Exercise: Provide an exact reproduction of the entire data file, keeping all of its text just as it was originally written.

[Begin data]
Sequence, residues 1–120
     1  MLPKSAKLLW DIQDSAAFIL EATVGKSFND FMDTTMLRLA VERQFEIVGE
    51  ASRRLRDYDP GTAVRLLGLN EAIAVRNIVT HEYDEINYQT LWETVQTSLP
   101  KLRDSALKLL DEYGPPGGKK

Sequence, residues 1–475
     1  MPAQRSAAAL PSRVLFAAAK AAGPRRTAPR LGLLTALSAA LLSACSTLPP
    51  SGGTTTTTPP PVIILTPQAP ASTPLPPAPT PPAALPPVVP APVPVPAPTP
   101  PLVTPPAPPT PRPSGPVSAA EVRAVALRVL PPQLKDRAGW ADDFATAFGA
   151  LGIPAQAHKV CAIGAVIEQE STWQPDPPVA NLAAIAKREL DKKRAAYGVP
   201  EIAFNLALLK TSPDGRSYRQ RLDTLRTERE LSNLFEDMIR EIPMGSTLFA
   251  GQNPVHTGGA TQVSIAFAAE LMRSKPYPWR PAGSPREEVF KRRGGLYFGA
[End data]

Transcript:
Sequence, residues 1–120
     1  MLPKSAKLLW DIQDSAAFIL EATVGKSFND FMDTTMLRLA VERQFEIVGE
    51  ASRRLRDYDP GTAVRLLGLN EAIAVRNIVT HEYDEINYQT LWETVQTSLP
   101  KLRDSALKLL DEYGPPGGKK

Sequence, residues 1–475
     1  MPAQRSAAAL PSRVLFAAAK AAGPRRTAPR LGLLTALSAA LLSACSTLPP
    51  SGGTTTTTPP PVIILTPQAP ASTPLPPAPT PPAALPPVVP APVPVPAPTP
   101  PLVTPPAPPT PRPSGPVSAA EVRAVALRVL PPQLKDRAGW ADDFATAFGA
   151  LGIPAQAHKV CAIGAVIEQE STWQPDPPVA NLAAIAKREL DKKRAAYGVP
   201  EIAFNLALLK TSPDGRSYRQ RLDTLRTERE LSNLFEDMIR EIPMGSTLFA
   251  GQNPVHTGGA TQVSIAFAAE LMRSKPYPWR PAGSPREEVF KRRGGLYFGA